HE WAS one of the first brave warriors to join the conflict – and was still standing on the final day of the war.
Now, the son of a Fareham man who fought through the duration of the First World War has immortalised his stories and memories, saying that we ‘mustn’t forget’ what heroes like his father gave for this country.
Arthur Miles, 89, from Bedhampton, has published a book about his father, Everard Joseph Miles, documenting his journey through the war from postcards and diary notes.
Everard J Miles served with the Royal Irish 4th Dragoon Guards, joining the war as a 20-year-old man – although he had first joined the army when he was 15.
Mr Miles said: ‘My father was living in the village of Fontmell Magna, in Dorset, where there was a massive conscription campaign. He never said why he signed up, but everyone did at that time.
‘He was in the war right from the beginning with the first British troops involved, and was still preparing for a major battle when the Armistice was signed.
‘I found a bunch of postcards and my father’s diary, and wanted to put it all into a book.
‘It turned out that my father had been involved in almost all of the major battles, including events like the Battle of Ypres – that’s because, as part of the cavalry he was stationed across all fronts
‘To know that my father played such an active role in the First World War is fascinating.’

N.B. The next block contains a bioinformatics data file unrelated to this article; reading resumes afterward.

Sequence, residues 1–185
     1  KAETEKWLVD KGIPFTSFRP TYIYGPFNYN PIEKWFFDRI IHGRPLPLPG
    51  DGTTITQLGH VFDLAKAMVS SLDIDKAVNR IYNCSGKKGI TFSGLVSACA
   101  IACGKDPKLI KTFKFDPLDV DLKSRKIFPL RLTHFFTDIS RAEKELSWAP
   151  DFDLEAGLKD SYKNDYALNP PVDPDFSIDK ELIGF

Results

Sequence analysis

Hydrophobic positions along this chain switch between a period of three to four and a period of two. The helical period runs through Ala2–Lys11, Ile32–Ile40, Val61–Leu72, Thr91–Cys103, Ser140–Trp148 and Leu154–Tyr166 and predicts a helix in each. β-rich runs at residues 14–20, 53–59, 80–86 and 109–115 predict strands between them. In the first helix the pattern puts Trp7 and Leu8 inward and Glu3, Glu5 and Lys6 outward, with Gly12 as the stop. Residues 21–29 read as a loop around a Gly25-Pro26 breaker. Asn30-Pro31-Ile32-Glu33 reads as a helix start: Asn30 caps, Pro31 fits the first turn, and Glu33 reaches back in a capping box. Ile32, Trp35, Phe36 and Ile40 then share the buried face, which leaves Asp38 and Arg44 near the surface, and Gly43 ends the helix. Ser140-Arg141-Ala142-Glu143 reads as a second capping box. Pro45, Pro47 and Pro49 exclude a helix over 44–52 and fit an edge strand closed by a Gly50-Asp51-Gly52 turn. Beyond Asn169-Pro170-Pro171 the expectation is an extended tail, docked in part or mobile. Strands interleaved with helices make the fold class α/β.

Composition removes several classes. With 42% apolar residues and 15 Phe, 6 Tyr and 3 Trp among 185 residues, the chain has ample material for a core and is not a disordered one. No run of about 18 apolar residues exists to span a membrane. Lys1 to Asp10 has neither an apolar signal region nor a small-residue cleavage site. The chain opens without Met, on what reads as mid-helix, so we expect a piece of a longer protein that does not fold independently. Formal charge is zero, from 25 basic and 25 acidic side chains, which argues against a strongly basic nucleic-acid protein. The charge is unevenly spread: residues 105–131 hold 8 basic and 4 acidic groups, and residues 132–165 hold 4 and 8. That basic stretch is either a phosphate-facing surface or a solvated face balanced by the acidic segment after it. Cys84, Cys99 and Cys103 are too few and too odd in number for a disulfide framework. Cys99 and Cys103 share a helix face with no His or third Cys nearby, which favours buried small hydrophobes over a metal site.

Everard J Miles tied the knot with his wife, Ivy, at Holy Trinity Church in Fareham in 1917 – having been granted a 72-hour pass.
Arthur says that his father never really opened up about what he saw during the war, and having seen his diary, now understands why.
He explained: ‘My father never told me what he’d seen during the war – I remember badgering him about it once as a child and he showed me a picture of a German soldier he said he had killed in hand-to-hand combat – but nothing more than that.
‘As a religious man he was distraught about killing, but it was a “kill or be killed” scenario.
‘Being involved in so many battles, as well as tragic events such as the first gas attack of the war, you can understand why it was locked away in a diary.’
After the war ended, Everard moved from job to job, eventually settling down at the RNAD Frater in Gosport – which stored ordnance for Royal Navy deployments.
Arthur said: ‘Much like today, a lot of the soldiers found it hard readjusting to civilian life – my father included.
‘He worked a bunch of jobs – including working at the town council – so became quite a familiar face.
‘The police always knew who he was too, but only because he trained their tug of war team.’
Everard died in December 1972, aged 78 and with this weekend marking the 100th anniversary of the end of the First World War, Arthur says that we must never forget the memories of individual soldiers who gave their all for their country.
He said: ‘I am incredibly proud of my father, but he never saw himself as a hero for what he did.
‘I think he would be happy to see so many people turn out for the Armistice commemorations – knowing that they recognise what he and so many others did.
‘These soldiers never wanted to talk about their experiences, and so it falls to us to preserve their memories for the years to come.
‘It’s really important to remember them and keep these stories alive.’